The Good­ness of the Hu­man Heart


Special Focus - - Contents - Zeng Yin 曾颖

My ma­ter­nal grand­fa­ther was a black­smith. He was a pure-hearted and hard-work­ing man who did many good deeds through­out his life. My grandma told me that the first good thing he did was to in­stall a large tea ket­tle in his lit­tle work­shop. Ev­ery morn­ing, he got up early to fire up the ket­tle and boil some wa­ter to make a batch of lo­cal aro­matic tea plucked from the neigh­bor­ing Red and White Moun­tain in Shi­fang County. Then he pre­pared some clean ce­ramic bowls so that the veg­etable grow­ers and porters could en­joy tea free of charge.

Ac­tu­ally it was a bit of an im­po­si­tion to an im­pov­er­ished la­borer like my grandpa, but you may find his rea­sons for do­ing this sur­pris­ing.

At the age of 20, my grandpa was sent down to the coun­try­side to sell iron­ware door to door. Just imag­ine how a young twen­tysome­thing suf­fered in the burn­ing

heat, schlep­ping a heavy load on his back through the vast coun­try­side; dy­ing of thirst the whole way. Along the path he spot­ted a small com­pound and hur­ried there to beg for a cup of boiled wa­ter from the pro­pri­etor who just shook his head and replied there was none to give. My grand­fa­ther im­plored him in­di­cat­ing that any wa­ter would do, and that he des­per­ately needed some­thing to drink. An ex­pres­sion of dis­dain came over the man who replied in a curt tone, “Cold wa­ter needs to be car­ried and warm wa­ter needs to be boiled. No one is here to do ei­ther of those for you.”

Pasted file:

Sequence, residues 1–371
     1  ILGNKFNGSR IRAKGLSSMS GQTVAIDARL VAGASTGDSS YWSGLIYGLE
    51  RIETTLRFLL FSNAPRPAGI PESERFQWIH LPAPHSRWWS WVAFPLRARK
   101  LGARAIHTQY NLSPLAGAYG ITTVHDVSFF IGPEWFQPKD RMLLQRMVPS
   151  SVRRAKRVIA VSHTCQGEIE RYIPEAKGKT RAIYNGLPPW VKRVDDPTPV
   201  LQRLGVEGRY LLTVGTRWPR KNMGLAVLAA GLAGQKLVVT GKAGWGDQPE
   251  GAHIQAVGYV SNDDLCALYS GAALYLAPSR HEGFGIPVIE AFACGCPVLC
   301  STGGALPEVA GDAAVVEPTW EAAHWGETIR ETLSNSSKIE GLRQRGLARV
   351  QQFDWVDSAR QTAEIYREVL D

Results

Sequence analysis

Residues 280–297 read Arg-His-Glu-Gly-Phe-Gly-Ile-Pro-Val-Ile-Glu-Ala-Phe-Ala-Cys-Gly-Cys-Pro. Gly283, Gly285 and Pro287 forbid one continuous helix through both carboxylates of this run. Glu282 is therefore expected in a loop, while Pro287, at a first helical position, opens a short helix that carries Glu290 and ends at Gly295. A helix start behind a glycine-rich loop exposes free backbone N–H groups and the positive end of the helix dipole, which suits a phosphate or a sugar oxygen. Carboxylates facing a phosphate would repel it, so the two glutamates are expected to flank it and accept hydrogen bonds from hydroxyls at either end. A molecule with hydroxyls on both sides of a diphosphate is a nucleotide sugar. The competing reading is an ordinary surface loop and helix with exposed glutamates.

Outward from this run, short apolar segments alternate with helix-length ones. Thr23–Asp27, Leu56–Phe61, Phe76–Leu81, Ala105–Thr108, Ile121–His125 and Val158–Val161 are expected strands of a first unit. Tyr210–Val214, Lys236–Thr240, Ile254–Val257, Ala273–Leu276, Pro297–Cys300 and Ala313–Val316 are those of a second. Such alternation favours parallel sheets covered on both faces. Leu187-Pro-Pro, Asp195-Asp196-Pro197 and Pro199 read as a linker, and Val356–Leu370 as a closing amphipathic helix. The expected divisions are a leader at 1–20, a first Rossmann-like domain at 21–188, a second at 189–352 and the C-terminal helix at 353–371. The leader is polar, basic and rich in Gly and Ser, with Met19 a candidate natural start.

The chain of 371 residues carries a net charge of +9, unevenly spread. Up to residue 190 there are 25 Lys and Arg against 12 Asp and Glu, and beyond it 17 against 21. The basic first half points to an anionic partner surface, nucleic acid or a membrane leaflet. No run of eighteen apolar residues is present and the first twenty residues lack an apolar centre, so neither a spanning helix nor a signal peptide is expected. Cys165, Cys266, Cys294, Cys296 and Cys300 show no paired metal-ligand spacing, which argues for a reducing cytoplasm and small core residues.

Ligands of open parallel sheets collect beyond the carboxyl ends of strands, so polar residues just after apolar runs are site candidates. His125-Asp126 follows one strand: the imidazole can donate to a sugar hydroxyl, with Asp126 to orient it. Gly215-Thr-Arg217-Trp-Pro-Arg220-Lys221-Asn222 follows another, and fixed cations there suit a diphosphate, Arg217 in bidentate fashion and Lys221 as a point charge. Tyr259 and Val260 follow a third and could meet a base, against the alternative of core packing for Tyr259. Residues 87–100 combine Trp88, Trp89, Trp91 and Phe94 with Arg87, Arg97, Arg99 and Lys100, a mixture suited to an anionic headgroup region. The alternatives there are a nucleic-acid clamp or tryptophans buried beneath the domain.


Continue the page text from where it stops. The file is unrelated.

That re­mark pierced my grand­fa­ther straight to the heart, and he never for­got the in­ci­dent. Giv­ing a stranger a cup of tea takes al­most no ef­fort, yet this man, this, “lord of the manor,” couldn’t even be both­ered to lift a fin­ger to help; and to add in­sult to in­jury, his mock­ing and in­sult­ing tone made his words all the more cut­ting. It showed how cold and cal­lous a per­son he truly was.

Dif­fer­ent peo­ple re­act dif­fer­ently when suf­fer­ing in­sult and in­dig­nity. There are two most typ­i­cal re­sponses: one is to be­come sullen and re­sent­ful, and to spit bit­ter vit­riol back at the world to an­swer its in­jus­tices in kind, and the other is to un­der­stand what it means to go through tri­als and tribu­la­tions and to be un­will­ing to let oth­ers suf­fer the same hard­ships. My grand­fa­ther was scoffed at, re­buked and ill- treated for merely hav­ing the nerve to ask for wa­ter, he knows all too well what it feels like to be dy­ing of thirst , so he is more than will­ing to set up the tea- stall out in front of his smithy.

As my grand­fa­ther got on in years he once quipped, “They say that peo­ple’s morals are go­ing to hell in a hand bas­ket, but I think that this world takes all kinds. There are those like the one I met in the coun­try­side that day who couldn’t be both­ered to spare even a cup of wa­ter, and there are those like me who give tea freely. When you meet some­one like him, you might feel that the world is cruel, that so­ci­ety has gone to the dogs, and that there is no kind­ness left out there. But when you meet me, you will feel the good­ness of hu­man­ity and will truly un­der­stand that the hu­man heart can be saved.” ( From LifeisanIn­di­vid­ual

Jour­ney , Zhe­jiang Univer­sity Press. Trans­la­tion: Chase Coul­son)

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